Connectionism is a way of modeling how the brain uses streams of sensory inputs to understand the world and produce behavior, based on cognitive processes which actually occur. This book describes the principles, and their application to explaining how the brain produces speech, forms memories and recognizes faces, how intellect develops, and how it deteriorates after brain damage. The models range from some well-known classics to others at the frontiers of current research. Also included is a disk with the software for running tlearn, a user-friendly simulator for connectionist modeling of cognitive processes, which will run on either PCs or Macs. Written by leading researchers in their field, this first up-to-date textbook on connectionist modeling, will provide an essential and accessible introduction to the field.
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Peter McLeod, Kim Plunkett, and Edmund T. Rolls are all at Oxford University.Review:
"McLeod, Plunkett, and Rolls provide an excellent, up-to-date introduction to parallel-distributed processing models, and their application to a wide range of issues in cognitive neuroscience, psycholinguistics, and developmental psychology. . . . The presentation is clear and self-contained, making this text an excellent choice for introducing connectionist/parallel distributed processing models to students in psychology, cognitive science, and cognitive neuroscience." --James L. McClelland, Carnegie Mellon University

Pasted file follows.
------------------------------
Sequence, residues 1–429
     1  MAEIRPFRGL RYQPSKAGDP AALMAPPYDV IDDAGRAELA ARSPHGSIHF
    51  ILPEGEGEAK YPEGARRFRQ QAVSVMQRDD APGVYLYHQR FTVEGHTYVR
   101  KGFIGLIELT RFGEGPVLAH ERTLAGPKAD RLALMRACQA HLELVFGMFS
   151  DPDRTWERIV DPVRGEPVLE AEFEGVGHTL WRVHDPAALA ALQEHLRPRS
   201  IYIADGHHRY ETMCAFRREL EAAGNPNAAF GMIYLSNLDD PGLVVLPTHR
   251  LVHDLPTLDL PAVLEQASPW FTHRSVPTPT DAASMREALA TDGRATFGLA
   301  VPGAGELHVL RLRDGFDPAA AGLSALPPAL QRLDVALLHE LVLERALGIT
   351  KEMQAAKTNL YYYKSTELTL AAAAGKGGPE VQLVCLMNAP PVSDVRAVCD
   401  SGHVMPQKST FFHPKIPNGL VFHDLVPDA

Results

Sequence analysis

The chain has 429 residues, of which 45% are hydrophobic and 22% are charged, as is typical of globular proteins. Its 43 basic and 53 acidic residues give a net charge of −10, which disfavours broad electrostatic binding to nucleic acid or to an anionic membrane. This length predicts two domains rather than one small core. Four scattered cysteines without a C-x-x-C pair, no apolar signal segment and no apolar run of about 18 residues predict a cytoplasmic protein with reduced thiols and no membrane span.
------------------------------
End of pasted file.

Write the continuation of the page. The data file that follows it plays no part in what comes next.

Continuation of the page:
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Book Description Oxford University Press, 1998. Hardcover. Book Condition: New. book. Bookseller Inventory # M0198524277